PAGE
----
An essential part of shipping software securely is red teaming. It broadly refers to the practice of emulating real-world adversaries and their tools, tactics, and procedures to identify risks, uncover blind spots, validate assumptions, and improve the overall security posture of systems. Microsoft has a rich history of red teaming emerging technology with a goal of proactively identifying failures in the technology. As AI systems became more prevalent, in 2018, Microsoft established the AI Red Team: a group of interdisciplinary experts dedicated to thinking like attackers and probing AI systems for failures.
We’re sharing best practices from our team so others can benefit from Microsoft’s learnings. These best practices can help security teams proactively hunt for failures in AI systems, define a defense-in-depth approach, and create a plan to evolve and grow your security posture as generative AI systems evolve.
The practice of AI red teaming has evolved to take on a more expanded meaning: it not only covers probing for security vulnerabilities, but also includes probing for other system failures, such as the generation of potentially harmful content. AI systems come with new risks, and red teaming is core to understanding those novel risks, such as prompt injection and producing ungrounded content. AI red teaming is not just a nice to have at Microsoft; it is a cornerstone to responsible AI by design: as Microsoft President and Vice Chair, Brad Smith, announced, Microsoft recently committed that all high-risk AI systems will go through independent red teaming before deployment.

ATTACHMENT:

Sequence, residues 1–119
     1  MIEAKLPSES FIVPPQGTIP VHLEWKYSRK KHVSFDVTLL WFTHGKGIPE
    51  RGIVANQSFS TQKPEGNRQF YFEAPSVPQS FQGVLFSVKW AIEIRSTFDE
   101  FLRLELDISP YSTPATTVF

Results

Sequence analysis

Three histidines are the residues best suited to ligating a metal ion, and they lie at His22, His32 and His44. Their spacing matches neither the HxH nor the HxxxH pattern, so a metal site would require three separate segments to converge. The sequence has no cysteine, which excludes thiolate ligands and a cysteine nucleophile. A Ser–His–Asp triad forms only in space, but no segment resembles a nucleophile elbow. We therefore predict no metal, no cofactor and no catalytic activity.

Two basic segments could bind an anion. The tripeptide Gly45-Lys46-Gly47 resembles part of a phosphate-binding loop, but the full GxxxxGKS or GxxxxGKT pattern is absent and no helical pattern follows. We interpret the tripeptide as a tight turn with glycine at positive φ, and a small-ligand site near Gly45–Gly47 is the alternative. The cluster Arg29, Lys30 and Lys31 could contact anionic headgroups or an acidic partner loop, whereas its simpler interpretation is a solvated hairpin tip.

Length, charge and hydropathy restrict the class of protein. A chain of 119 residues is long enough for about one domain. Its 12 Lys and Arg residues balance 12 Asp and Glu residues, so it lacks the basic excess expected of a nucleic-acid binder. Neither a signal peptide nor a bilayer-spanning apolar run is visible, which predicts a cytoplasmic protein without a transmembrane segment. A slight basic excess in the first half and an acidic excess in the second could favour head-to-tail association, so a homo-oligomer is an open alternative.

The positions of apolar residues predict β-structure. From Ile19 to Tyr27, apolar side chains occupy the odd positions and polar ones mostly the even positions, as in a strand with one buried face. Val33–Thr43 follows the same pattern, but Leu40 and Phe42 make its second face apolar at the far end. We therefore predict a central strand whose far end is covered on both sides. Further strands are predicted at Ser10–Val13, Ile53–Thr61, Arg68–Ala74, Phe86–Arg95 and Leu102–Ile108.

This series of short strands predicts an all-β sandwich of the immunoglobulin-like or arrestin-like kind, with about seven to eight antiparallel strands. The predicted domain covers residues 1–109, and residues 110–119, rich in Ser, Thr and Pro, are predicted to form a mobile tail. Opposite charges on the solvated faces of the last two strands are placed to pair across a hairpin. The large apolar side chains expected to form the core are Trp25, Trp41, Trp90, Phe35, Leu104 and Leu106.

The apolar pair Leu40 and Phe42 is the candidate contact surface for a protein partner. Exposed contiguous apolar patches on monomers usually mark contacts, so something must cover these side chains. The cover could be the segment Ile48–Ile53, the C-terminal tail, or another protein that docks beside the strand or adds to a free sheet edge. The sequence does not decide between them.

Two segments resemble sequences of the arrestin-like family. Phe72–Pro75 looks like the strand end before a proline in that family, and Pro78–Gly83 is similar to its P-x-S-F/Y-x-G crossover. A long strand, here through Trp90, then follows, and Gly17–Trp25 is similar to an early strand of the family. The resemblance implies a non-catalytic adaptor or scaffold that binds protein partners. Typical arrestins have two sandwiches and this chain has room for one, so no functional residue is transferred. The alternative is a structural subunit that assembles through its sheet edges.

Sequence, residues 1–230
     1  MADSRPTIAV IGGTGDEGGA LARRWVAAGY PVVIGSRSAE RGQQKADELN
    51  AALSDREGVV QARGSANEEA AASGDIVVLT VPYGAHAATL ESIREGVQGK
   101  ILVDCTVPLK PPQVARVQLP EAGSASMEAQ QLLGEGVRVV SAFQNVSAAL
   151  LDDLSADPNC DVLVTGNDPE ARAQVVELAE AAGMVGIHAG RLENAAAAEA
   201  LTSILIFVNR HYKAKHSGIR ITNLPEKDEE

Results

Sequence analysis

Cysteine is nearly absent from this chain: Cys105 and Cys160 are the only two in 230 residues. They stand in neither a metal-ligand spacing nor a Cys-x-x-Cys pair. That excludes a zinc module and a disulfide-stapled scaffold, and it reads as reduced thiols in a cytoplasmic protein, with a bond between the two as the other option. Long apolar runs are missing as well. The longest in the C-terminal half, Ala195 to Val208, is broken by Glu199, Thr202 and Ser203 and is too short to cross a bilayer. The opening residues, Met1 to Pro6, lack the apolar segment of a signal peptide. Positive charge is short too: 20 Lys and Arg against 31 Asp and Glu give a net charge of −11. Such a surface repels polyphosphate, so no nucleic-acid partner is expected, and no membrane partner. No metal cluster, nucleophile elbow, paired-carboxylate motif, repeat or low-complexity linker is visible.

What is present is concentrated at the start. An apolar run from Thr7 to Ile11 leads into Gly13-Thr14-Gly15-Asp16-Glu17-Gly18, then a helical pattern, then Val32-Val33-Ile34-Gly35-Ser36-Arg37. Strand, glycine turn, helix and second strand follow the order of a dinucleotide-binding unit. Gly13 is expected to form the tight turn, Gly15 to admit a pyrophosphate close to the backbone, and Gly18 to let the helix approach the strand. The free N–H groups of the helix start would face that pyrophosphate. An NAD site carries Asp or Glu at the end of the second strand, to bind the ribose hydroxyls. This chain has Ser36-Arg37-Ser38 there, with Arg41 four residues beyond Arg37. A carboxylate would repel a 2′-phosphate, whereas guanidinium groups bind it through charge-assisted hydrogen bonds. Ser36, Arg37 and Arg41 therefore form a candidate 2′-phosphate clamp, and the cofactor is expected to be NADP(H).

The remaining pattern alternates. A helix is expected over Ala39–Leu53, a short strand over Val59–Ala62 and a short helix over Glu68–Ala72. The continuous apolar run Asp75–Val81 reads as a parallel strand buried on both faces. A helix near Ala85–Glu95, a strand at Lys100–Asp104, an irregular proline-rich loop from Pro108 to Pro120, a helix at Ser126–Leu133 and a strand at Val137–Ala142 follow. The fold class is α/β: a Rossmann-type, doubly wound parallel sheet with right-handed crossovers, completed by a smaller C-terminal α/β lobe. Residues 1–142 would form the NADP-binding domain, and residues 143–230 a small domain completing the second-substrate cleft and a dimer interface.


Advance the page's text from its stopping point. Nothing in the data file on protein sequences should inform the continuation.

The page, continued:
The goal of this blog is to contextualize for security professionals how AI red teaming intersects with traditional red teaming, and where it differs. This, we hope, will empower more organizations to red team their own AI systems as well as provide insights into leveraging their existing traditional red teams and AI teams better.